The figure used to calculate fees imposed on certain health insurance policy issuers and on the sponsors of self-insured health plans will increase to $3 for plans that start between October 2022 and October 2023, the IRS said Monday.

  • November 14, 2022

    GAO Urges Congress To Mull State Remote Sales Tax Parameters

    The U.S. Government Accountability Office recommended Monday that Congress consider creating a framework for state taxation of remote sales that will make for a better tax system.

  • November 14, 2022

    Nationwide Block Of Conservation Easement Notice Rejected

    An Ohio federal court declined Monday to put a nationwide block on an IRS notice requiring the disclosure of syndicated conservation easements, finding that while it violates notice-and-comment requirements and should be set aside, other courts should have the chance to consider its validity.

  • November 14, 2022

    Mercedes Seeks Clarity On Mineral Sourcing For EV Credits

    The U.S. arm of Mercedes-Benz said federal regulators should include countries that have joined a deal to shore up supplies of so-called critical minerals as eligible trade partners under new rules being developed for electric vehicle tax credits.

  • November 14, 2022

    House Bill Seeks To Delay EV Credit Requirements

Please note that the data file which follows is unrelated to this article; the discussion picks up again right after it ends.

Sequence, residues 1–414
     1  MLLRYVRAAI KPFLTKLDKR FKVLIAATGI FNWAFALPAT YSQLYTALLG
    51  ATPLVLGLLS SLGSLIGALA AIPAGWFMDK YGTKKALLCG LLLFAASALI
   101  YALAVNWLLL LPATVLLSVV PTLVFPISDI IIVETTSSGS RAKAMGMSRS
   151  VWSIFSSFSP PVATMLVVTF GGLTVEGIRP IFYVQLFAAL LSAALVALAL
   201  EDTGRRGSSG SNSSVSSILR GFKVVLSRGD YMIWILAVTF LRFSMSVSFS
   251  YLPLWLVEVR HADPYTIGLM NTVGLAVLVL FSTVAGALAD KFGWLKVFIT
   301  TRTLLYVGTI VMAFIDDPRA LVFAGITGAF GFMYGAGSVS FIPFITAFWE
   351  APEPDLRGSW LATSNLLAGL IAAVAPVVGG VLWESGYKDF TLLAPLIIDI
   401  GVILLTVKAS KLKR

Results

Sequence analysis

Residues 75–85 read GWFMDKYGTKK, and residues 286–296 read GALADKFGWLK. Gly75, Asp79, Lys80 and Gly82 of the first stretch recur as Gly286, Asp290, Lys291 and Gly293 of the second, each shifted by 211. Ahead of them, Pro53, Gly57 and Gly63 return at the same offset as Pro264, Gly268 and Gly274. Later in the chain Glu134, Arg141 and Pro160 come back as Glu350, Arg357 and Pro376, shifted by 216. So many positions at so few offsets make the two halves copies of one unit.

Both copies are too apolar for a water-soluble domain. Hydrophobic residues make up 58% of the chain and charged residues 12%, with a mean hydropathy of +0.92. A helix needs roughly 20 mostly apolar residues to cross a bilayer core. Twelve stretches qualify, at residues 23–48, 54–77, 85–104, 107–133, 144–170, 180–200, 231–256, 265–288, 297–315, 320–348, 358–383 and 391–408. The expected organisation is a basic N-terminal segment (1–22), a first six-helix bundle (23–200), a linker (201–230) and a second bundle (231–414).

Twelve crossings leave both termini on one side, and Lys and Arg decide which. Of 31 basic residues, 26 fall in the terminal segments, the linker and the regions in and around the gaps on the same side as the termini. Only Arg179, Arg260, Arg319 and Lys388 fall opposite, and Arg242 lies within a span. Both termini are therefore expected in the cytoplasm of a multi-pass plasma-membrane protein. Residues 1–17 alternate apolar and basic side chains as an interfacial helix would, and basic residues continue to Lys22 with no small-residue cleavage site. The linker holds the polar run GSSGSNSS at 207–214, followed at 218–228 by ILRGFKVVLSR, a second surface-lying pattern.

A bill introduced in the U.S. House of Representatives would delay domestic assembly and battery manufacturing and mineral sourcing requirements for cars to qualify for the electric vehicle tax credit.

  • November 14, 2022

    11th Circ. Asked To Reverse Decision In Ala. Rail Tax Case

    The Eleventh Circuit should reverse a decision that barred Alabama from imposing a fuel tax on six railroad companies because the state exempted water carriers, the city of Tuscaloosa and the county of Tuscaloosa said in a brief. 

  • November 14, 2022

    IRS Seeks Comments On Estate Tax Extension Form

    The Internal Revenue Service asked for comments Monday on a form for seeking return filing and payment extensions for estate and generation-skipping taxes.

  • November 14, 2022

    Convicted 'Chrisley' Stars Make Last-Ditch Bid For New Trial

    The former stars of the reality television show "Chrisley Knows Best" who were convicted of bank fraud and tax evasion asked a Georgia federal court a second time for a new trial, saying new evidence shows prosecutors and an Internal Revenue Service officer misled the jury.

  • November 14, 2022

    Full 9th Circ. To Review IRS Loss In $35.5M Partnership Row

    The full Ninth Circuit will revisit a panel decision that reversed the U.S. Tax Court in allowing a partnership to claim a $35.5 million tax-shelter-related deduction because the IRS disallowed the claim too late.

  • November 14, 2022

    Cleary Elevates 9 Attorneys To Partner

    Cleary Gottlieb Steen & Hamilton LLP said Monday that it has elevated 23 of its attorneys, including nine to partner.

  • November 13, 2022

    Retirement, R&D Tax Breaks Top Congress' Year-End Wishlist

    When Congress returns to Washington the week of Nov. 14, lawmakers will have a short window to pass a year-end legislative package that could extend expired research and development tax breaks and send bipartisan retirement legislation to President Joe Biden's desk.

  • November 10, 2022